The Padres did not lose.

"San Diego County home prices dropped a whopping 26 percent in August, compared to the same month last year. The median price of a home in the region was 350-thousand dollars, down from 475-thousand dollars in August 2007. Home sales rose by one-point-four percent. "

The above information is a portent of things to come. Our economy is a mess. Some people are getting very panicky about the situation as they have money in children's college funds, IRA's, investment portfolios, etc. Right now all of these have probably lost some value.

The really surprising thing about housing in San Diego is that the downtown, high rise condos, are still priced well above what a typical San Diegan can afford. The most recent information regarding median income puts zip code 92101 at $28,611. Cost of living index is 139%. So, those of us who live downtown are living well above our income. With the over-building of condos, they just are not selling. Just watch the advertising. There are all sorts of gimics, from free TVs to free upgrades, to special incentives. Wander around at night and look at these buildings. Maybe 20% have lights on. Of course there may be some vampires living in the dark. Seems that eventually, the walls will come tumbling down. How long can these developers hang on before the prices must come down?? Nearly empty buildings cannot be good for anyone. I am going to ask my question over & over until someone at the City or CCDC gives me an answer on owner occupied condos.

Apparently, gas prices have forced most businesses to increase prices. Some are just increasing prices and some are adding a gas surcharge. My question is, at what point do they remove that surcharge?? And you know, once prices go up, they rarely go down. If gas were to suddenly drop to $1/gallon, how long would it take for Von's or Ralph's grocery delivery to go back to $9.95? They both have added $3 to their delivery charge. That is only one small example.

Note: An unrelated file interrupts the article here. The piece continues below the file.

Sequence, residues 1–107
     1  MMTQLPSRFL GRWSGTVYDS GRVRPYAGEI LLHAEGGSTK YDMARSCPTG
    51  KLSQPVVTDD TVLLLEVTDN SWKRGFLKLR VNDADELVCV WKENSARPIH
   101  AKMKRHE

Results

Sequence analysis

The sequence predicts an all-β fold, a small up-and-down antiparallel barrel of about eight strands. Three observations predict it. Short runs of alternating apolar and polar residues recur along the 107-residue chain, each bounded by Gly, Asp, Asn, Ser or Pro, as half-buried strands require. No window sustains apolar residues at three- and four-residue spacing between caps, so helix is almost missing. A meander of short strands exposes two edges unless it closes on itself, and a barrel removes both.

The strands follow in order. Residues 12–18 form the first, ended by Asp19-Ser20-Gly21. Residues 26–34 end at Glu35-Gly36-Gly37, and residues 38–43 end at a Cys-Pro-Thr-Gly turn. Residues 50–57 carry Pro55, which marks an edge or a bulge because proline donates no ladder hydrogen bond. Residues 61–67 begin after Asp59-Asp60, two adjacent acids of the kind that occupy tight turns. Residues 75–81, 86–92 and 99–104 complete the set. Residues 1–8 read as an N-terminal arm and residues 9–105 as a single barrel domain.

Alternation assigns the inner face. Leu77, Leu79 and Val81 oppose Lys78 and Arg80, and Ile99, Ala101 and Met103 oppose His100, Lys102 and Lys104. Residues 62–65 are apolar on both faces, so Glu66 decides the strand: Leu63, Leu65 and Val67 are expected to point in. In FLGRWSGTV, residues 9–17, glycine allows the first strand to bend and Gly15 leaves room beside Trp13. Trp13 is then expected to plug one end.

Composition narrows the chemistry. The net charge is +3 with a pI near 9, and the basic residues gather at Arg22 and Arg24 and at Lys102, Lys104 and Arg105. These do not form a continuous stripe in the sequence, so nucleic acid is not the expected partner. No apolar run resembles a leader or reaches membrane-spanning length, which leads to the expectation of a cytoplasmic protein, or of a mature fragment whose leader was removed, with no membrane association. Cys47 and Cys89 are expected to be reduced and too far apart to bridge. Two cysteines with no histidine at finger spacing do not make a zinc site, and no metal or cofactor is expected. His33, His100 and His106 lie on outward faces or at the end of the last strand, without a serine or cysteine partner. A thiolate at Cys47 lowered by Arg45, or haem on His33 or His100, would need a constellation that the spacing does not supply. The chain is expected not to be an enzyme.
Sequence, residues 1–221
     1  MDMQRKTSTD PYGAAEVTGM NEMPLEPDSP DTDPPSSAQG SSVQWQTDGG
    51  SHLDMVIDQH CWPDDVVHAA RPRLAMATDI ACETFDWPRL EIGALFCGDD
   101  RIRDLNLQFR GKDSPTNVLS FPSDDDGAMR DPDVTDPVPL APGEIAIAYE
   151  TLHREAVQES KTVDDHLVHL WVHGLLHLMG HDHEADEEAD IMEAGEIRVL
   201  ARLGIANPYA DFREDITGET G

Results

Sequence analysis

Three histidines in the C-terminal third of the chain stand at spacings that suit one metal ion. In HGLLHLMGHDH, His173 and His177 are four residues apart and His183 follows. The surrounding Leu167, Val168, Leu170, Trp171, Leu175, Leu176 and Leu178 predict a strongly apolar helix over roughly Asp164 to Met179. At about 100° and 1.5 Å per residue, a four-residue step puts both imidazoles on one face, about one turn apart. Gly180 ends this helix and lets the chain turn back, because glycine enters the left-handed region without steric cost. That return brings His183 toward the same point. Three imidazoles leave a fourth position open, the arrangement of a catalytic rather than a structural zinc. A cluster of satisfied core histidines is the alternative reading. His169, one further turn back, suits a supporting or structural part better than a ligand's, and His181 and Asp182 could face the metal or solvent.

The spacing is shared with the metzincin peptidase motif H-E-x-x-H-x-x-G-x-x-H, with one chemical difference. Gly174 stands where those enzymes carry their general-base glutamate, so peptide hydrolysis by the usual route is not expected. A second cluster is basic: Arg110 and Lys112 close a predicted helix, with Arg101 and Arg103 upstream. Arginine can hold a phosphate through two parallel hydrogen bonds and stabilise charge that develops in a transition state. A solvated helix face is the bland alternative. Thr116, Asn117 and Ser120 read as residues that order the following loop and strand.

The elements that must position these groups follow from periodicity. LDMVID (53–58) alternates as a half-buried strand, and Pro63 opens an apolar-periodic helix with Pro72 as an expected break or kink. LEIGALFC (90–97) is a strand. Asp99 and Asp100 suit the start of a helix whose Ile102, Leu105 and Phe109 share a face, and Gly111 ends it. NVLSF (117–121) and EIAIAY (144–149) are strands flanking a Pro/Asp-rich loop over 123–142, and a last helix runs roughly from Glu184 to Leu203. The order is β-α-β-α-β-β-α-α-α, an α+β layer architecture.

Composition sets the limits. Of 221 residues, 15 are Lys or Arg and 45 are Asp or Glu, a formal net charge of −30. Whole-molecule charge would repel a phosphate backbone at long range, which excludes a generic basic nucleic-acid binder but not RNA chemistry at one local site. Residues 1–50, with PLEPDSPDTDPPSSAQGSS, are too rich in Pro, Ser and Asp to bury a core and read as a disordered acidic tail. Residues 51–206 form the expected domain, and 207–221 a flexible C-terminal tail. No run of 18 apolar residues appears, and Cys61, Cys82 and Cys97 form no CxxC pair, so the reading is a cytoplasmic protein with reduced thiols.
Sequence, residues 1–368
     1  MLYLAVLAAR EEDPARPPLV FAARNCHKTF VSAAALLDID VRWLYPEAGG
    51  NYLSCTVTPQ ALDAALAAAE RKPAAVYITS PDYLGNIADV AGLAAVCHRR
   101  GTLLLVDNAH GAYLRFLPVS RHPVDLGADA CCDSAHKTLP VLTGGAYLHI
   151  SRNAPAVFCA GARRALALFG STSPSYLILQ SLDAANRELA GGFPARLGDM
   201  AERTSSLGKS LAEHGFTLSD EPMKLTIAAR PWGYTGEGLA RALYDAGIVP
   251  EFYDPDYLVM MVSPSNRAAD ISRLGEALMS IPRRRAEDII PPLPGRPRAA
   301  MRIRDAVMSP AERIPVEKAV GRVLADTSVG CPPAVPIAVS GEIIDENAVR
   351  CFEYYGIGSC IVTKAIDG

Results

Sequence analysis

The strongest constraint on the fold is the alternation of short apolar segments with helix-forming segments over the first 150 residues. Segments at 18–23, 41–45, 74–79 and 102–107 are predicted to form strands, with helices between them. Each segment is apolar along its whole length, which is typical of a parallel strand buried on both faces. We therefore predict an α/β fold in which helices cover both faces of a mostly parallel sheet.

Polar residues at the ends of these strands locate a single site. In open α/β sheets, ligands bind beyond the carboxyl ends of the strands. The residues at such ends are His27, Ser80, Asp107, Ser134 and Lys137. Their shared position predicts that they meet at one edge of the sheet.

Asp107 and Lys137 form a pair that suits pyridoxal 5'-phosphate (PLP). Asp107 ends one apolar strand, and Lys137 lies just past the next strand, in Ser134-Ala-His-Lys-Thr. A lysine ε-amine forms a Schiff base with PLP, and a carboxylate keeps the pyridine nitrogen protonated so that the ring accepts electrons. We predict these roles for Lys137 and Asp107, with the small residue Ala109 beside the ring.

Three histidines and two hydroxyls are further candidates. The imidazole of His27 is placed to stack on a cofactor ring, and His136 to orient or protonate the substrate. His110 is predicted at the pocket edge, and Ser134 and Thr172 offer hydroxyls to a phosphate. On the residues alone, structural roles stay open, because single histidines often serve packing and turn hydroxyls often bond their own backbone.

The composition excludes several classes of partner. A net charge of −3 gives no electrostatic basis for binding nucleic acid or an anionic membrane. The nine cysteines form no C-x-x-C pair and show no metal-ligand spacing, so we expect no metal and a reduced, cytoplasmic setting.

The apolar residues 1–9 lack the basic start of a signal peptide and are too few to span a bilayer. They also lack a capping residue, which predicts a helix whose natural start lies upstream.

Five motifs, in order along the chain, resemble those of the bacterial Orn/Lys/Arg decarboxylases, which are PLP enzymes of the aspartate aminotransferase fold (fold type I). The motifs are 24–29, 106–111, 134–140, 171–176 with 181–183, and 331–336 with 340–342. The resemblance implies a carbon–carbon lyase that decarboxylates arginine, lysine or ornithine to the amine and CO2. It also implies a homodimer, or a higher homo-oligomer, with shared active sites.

And what about rents? Downtown residents pay way too much for very small apartments. Even the alleged government subsidised places are expensive. Some complexes raise the rents on a regular (usually yearly) basis. This is not based on reality, but rather the good old corporate greed. When prices take a tumble do you honestly believe that any landlord will lower the rent? I have lived here a long time and have never seen that happen. I can always hope.

So long

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Ponzi Sept. 20, 2008 @ 6:41 a.m.

I remember in th 80's when the Meridian tower was the first (new) residential high rise downtown. Then the twin towers at One Harbor were built. They were almost empty for years and then filled up in the late 80's, early 90's.

It really does seem like the downtown is overbuilt with high rise condos. Unlike older cities, like on the East Coast, San Diego doesn't have a lot of infrastructure downtown.

I woould not want to live there unless I worked there too. And it seems most buildings are other high rise condos and hotels.

When all the single professionals that live in those condos decide to marry up and have children, where do they go? Can you really raise children in our downtown? Sure in cities like New York, Chicago and Boston you can... but they're a hundred years ahead on infrastucture.

I suspect many people eventually will go out into the suburbs and look for a house. A house in the San Diego suburbs is still even more expensive than those downtown boxes.

Eventally those condo's will fill up. Perhaps with foreign investors as vacation homes or safe havens away from their own scary countries.

Hang in there.


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